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Over Father’s Day weekend, when my dad and I were alone for a few minutes, he brought up a subject that had obviously been weighing on his mind.  He said he realized he and mom live 2 ½ hours away from my brother, sister and I, and if anything were to happen to either of them, it wouldn’t be easy for us to be there to help.  He would like to downsize, and move closer to us.

Dad will turn 78 this August, and he’s a very healthy, active person that looks at least 10 years younger. But the reality of the situation is he has cardio pulmonary obstructive disease, caused by a near-death experience with pneumonia when he was a baby and the ‘bad lungs’ he and his siblings inherited from his father, who also struggled with it.  My grandfather died when he was 87, and my father has taken much better care of himself; but the disease has reduced his ability to breathe freely, saps his energy, and causes more frequent sick days.   As a result, birthdays are causing him to think more and more about his mortality. 
As we talked, he said he didn’t want to wait until problems with his health forced them to move.  Due to her vision, my mother doesn’t drive more than a few miles from home, and that will become more of an issue as Dad’s health deteriorates.  He wants to move to the Cincinnati area so he can be closer to his grandkids and great grandsons.  He wants to be able to attend soccer games, birthday parties and just be more a part of their day-to-day lives.  The problem is their stuff.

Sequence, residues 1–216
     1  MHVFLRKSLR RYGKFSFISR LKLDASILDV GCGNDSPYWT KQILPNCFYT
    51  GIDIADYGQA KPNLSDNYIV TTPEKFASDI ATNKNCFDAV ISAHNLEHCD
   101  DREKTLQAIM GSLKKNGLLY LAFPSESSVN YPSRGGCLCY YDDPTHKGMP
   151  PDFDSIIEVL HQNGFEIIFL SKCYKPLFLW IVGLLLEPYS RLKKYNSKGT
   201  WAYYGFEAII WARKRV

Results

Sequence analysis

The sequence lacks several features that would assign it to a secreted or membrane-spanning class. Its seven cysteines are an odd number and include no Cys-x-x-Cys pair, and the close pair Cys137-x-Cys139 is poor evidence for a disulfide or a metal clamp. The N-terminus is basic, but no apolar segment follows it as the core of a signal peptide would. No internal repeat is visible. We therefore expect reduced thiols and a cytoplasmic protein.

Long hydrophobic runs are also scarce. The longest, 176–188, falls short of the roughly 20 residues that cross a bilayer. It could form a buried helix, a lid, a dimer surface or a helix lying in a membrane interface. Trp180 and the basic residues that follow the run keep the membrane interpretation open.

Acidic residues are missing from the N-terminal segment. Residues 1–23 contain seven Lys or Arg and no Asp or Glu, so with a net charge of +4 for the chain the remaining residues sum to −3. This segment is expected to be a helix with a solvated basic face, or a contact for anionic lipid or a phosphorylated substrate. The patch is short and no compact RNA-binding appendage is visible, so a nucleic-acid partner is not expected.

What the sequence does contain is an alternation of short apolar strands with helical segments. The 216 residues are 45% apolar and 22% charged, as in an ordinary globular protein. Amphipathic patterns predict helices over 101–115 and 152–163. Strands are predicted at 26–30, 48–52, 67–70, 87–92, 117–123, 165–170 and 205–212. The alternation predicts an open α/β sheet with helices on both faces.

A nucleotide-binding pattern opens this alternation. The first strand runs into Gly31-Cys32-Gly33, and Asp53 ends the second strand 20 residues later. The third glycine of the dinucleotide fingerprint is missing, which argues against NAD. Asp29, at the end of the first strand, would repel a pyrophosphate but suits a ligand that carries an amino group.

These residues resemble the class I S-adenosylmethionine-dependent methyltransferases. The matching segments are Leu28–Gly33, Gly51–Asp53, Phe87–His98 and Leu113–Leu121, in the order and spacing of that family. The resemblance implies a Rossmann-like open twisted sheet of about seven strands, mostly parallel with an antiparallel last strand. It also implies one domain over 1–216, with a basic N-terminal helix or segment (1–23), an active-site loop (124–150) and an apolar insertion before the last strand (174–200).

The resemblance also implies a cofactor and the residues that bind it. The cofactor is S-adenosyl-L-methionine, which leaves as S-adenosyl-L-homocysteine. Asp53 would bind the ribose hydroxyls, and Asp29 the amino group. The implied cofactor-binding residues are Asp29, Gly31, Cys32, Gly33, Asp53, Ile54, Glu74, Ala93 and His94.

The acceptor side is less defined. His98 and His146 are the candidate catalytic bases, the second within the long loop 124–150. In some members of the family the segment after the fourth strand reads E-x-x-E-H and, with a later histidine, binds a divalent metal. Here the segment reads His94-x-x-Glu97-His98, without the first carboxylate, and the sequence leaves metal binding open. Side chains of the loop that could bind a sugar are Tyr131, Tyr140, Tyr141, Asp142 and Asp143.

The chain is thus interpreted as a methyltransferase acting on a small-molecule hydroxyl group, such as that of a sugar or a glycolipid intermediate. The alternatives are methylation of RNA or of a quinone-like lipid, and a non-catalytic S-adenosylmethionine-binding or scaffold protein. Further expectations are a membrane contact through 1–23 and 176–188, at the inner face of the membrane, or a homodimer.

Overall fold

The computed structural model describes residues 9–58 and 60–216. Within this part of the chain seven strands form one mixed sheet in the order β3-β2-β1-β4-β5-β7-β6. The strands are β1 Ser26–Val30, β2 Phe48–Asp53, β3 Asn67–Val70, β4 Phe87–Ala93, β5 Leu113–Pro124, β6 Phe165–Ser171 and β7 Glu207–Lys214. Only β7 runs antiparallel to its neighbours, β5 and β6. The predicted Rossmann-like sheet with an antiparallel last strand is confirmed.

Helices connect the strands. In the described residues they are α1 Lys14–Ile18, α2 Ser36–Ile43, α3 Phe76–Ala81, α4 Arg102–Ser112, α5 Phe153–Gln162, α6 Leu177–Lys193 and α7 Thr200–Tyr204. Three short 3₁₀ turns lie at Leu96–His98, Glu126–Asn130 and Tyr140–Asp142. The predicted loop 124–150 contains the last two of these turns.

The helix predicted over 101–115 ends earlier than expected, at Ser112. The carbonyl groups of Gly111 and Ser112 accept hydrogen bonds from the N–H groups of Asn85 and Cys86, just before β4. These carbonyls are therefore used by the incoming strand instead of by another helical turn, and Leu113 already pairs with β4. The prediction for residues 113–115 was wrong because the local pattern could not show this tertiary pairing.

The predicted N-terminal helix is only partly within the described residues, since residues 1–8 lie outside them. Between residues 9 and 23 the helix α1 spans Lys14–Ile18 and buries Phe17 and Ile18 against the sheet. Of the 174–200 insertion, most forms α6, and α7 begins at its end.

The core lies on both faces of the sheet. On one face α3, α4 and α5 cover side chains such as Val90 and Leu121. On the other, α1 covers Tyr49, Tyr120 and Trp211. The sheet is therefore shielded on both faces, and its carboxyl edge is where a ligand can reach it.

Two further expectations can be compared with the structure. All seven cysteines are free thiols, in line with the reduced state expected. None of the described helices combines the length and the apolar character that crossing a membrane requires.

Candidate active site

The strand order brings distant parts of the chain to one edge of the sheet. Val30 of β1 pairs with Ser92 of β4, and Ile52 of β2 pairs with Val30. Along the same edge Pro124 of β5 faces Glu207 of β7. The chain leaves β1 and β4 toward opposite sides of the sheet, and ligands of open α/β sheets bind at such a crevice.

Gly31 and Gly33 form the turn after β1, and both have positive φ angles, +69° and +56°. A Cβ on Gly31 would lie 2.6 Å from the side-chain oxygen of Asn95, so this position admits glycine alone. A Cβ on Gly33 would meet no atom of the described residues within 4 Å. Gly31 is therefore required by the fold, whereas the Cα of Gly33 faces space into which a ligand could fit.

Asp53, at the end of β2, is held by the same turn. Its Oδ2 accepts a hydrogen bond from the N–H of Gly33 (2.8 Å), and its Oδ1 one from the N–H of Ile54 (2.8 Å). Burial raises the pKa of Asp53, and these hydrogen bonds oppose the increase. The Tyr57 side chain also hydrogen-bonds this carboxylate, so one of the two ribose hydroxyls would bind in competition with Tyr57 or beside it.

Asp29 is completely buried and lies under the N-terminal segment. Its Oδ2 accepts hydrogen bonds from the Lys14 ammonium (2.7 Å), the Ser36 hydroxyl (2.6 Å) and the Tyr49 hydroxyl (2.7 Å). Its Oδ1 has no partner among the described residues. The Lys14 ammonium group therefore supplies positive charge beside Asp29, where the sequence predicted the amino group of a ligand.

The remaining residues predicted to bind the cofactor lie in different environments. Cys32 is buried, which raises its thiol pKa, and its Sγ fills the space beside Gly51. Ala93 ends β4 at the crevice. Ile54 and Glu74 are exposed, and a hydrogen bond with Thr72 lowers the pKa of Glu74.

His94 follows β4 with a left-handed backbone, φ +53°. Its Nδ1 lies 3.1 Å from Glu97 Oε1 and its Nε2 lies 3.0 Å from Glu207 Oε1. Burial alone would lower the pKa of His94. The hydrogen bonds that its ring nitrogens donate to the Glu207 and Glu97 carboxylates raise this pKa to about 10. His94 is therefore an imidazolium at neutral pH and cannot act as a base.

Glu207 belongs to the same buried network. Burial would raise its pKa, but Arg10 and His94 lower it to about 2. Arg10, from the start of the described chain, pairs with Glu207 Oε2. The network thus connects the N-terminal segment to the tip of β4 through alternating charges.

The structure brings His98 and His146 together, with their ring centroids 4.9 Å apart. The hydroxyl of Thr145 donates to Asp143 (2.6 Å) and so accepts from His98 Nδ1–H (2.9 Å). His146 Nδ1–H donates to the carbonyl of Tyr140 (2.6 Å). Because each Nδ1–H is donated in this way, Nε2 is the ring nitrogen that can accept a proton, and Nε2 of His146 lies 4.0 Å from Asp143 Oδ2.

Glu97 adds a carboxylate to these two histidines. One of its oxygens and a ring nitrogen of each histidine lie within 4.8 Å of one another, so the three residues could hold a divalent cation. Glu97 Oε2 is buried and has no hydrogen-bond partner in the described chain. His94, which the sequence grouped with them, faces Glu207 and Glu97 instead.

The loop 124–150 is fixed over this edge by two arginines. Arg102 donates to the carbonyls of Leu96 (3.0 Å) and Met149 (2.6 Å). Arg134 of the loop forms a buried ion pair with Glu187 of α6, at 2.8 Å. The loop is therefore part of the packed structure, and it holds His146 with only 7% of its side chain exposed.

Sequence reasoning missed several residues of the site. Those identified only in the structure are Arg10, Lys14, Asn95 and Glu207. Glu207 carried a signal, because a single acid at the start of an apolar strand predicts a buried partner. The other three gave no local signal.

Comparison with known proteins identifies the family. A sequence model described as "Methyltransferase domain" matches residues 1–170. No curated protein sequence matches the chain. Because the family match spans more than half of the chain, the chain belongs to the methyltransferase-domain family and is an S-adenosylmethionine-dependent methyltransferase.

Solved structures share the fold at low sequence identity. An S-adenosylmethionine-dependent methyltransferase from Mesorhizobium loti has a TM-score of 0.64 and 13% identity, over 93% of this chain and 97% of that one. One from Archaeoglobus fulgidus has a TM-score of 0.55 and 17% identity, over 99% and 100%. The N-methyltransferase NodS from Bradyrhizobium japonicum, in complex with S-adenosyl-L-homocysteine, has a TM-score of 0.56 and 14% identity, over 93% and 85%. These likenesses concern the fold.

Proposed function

My parents are very frugal savers.  Mom still has clothing she wore in college, and my dad still wears a tux he bought to sing in a concert the year I was born.  They were born in the 1930’s, shaped by the Great Depression, and spent their childhood ‘making do’ with whatever they had.  Mom was particularly shaped by her experiences.  She holds onto everything they acquire because “one of you kids might need it someday.”  This need to save things has gotten so bad she recently pulled glassware and furniture out of a bulldozed, burned down house and salvaged them.  I cannot make this up.
In order to move, they will have to let go of things.  Dad knows how difficult it will be, and how long it will take them to do it.  He said if they start now, they might be ready in 2-3 years.  Then he said something else I think is closer to the truth.  “When you’re accumulating stuff, it allows you to focus on the future because you have all these things you might eventually use.  When you downsize, it forces you to acknowledge the reality that you are going to die someday, and you don’t need it all.”
Maybe if we ask ourselves if we really need something before we accumulate it, we’ll have less to weigh us down when we get older, and the transition will be a little less painful. 
Heavy stuff.      
Jeannette A. Jones, CPA, CFP®